Third time lucky: Marble Brew 900 was a 9% keg beer I ordered without knowing much about it, but having liked the brewery’s barley wine rather a lot. It was light and very drinkable, with a delicate, slightly fruity flavour; in fact, I thought as the bottom of the glass loomed into view, you could call it a tripel and nobody would be any the wiser. On inspecting the tap I discovered that Marble have in fact called it a tripel. A very nice one it is too – and with no alcoholic overtones to speak of.
Marble seem to be on the up at the moment. On the same visit to the Marble Beerhouse I had two cask beers – Antipodean, a newish pale ale with NZ hops, and the relatively well-established Earl Grey IPA. I don’t know if I’ve only just got the point of the Earl Grey IPA or if it’s improved recently; either way I was impressed with it in a way I hadn’t been before. Antipodean was terrific, too – pale ales have been Marble’s forte for a long time, but this didn’t have any of the rough edges they’ve sometimes had in the past. Marble have been coasting for a while – losing some of your best brewers will do that to a brewery – but on this evidence they’re definitely getting back on track.
Update 30/4 I did a bit more drinking last night & can add to both parts of this post. On the Marble front, another hit: Little Meiko is terrific. It’s a strong (7%) IPA, currently available on cask, and it’s got a flavour I can only describe as sproingy. (I mean that literally – if I could think of another word I’d use it. It just is… sproingy. Lots of hops. They kind of go ‘sproing!’.) On the strength front, it very nicely hits the spot between not drinking its weight and actually tasting strong. However, although it plainly is a craft beer, it doesn’t taste of grapefruit; it tastes of yuzu. So now you know.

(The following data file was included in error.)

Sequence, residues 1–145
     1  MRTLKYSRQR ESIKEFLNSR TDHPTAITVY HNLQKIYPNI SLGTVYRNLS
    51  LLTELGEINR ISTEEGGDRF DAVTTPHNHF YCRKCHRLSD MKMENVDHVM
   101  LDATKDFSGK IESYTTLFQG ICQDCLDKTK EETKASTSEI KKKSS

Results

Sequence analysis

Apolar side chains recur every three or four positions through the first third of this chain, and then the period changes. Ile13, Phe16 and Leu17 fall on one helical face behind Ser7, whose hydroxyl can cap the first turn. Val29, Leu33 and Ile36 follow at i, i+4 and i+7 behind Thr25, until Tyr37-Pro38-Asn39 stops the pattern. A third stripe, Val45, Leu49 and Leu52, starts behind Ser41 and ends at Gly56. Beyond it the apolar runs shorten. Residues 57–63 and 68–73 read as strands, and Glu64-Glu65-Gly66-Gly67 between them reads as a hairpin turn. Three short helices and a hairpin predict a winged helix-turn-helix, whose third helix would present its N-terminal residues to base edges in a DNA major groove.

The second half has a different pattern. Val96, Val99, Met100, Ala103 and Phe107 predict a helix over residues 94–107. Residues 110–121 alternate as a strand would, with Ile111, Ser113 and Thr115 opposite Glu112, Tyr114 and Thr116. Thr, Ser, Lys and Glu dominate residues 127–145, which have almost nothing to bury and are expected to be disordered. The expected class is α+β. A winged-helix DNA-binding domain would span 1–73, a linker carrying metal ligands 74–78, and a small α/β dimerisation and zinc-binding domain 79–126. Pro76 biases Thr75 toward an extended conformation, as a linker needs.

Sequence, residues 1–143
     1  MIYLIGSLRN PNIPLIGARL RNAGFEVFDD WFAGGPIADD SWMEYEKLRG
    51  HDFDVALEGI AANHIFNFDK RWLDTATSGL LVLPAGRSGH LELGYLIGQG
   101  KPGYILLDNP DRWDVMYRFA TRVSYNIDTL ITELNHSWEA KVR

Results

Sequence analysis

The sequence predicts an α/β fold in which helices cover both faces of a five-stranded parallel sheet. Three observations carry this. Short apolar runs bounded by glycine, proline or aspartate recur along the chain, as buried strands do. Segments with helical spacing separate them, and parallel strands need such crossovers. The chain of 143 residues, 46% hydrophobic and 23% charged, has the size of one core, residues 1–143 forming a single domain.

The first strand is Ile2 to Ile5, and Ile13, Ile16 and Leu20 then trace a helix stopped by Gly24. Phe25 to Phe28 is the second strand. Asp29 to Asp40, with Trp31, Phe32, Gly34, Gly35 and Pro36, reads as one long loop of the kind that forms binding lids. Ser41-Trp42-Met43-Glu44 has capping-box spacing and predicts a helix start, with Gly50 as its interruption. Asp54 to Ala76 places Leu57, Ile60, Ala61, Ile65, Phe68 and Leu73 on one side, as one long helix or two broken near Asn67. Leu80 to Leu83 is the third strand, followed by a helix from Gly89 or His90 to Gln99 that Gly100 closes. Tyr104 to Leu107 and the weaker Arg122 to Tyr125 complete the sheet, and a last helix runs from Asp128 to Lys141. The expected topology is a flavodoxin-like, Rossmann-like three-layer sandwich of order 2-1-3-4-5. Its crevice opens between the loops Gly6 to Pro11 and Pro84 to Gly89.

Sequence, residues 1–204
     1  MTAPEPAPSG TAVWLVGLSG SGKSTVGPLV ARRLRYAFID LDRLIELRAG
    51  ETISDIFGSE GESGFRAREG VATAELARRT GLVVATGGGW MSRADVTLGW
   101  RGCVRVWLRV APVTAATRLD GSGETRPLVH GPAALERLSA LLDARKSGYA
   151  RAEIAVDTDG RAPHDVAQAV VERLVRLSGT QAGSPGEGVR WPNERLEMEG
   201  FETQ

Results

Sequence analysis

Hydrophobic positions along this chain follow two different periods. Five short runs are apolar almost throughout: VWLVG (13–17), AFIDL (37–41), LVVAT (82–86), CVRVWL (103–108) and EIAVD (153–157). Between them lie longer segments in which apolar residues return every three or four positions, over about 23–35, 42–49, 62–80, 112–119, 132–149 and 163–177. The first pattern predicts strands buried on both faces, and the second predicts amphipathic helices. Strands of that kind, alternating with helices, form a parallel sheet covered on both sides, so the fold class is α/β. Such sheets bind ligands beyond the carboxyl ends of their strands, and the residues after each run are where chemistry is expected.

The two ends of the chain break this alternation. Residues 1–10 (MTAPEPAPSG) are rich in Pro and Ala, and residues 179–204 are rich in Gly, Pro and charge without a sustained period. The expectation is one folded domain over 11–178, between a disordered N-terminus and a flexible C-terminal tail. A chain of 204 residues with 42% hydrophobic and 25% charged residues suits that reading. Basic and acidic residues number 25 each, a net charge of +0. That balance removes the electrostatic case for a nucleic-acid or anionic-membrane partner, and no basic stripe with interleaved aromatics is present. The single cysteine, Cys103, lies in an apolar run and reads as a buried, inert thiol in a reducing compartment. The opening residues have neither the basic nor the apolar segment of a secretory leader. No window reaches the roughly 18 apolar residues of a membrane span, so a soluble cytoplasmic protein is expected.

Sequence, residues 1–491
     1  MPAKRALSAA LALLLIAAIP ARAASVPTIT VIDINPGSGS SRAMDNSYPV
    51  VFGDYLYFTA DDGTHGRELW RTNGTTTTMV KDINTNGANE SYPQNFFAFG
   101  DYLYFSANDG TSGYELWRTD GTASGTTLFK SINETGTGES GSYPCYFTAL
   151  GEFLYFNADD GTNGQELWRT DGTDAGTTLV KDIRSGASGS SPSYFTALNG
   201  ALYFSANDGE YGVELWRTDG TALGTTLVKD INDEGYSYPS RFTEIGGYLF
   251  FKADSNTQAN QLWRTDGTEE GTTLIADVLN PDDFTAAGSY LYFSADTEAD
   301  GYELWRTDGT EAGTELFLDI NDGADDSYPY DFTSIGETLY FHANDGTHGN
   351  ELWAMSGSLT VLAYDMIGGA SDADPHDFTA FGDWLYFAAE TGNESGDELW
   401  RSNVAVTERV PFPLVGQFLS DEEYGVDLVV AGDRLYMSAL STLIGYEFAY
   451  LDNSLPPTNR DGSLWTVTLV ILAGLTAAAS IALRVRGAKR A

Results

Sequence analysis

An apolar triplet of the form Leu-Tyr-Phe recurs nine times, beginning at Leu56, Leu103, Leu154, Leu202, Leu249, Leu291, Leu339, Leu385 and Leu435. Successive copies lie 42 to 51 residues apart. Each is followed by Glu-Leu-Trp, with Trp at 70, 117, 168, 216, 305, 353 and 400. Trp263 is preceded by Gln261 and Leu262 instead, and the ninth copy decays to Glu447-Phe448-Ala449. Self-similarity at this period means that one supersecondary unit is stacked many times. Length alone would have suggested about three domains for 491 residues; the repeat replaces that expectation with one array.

More to the point, the shocked and horrified responses to the first part of the post (see below) persuaded me that I should give Un-Human Cannonball another go. Here are my tasting notes, as far as I remember them.
“Maybe ‘chicken soup’ was unkind. It’s not that cloudy. I mean, if you hold it up to the light… actually, no, it is that cloudy. It is in fact opaque. What did they put in it?”
“Mmm… OK. It’s true what they say about this one, there is a lot going on. There’s pine, and a kind of punchbowl of tropical fruit, with smoky notes in there too, and a big bitter finish, and it all sort of rolls over you propelled by the alcohol.”
“You can kind of taste the alcohol, though.”
“OK, good. Got it. All I’ve got to do now is drink the rest of the glass.”
“It’s kind of an exhibition beer, this one – you could drink a shot glass of it and you’d get everything, and it’d all be very impressive. But a whole third of a pint is actually going to be a bit of a slog.”
“Third of a pint. If you were out with a friend and he asked if you wanted another, and you had a third of a pint left, you’d just knock it back. If you knocked this one back you’d fall over.”
“It’s like beer but it’s not like beer. It’s like beer from Mars. This is Martian beer.”
And that’s pretty much all I remember.